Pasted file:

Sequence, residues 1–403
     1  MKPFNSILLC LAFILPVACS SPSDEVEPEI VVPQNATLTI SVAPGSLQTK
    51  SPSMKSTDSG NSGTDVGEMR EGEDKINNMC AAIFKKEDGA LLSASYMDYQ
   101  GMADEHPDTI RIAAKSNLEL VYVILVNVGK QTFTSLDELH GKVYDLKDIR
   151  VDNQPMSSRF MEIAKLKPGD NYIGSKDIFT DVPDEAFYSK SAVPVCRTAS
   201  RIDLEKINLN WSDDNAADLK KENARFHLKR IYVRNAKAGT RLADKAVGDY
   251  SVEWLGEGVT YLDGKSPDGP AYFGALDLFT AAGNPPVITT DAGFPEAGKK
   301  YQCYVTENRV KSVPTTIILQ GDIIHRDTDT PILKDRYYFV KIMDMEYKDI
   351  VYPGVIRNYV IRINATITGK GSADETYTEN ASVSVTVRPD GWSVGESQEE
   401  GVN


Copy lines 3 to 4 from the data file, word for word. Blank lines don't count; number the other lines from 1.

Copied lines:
    51  SPSMKSTDSG NSGTDVGEMR EGEDKINNMC AAIFKKEDGA LLSASYMDYQ
   101  GMADEHPDTI RIAAKSNLEL VYVILVNVGK QTFTSLDELH GKVYDLKDIR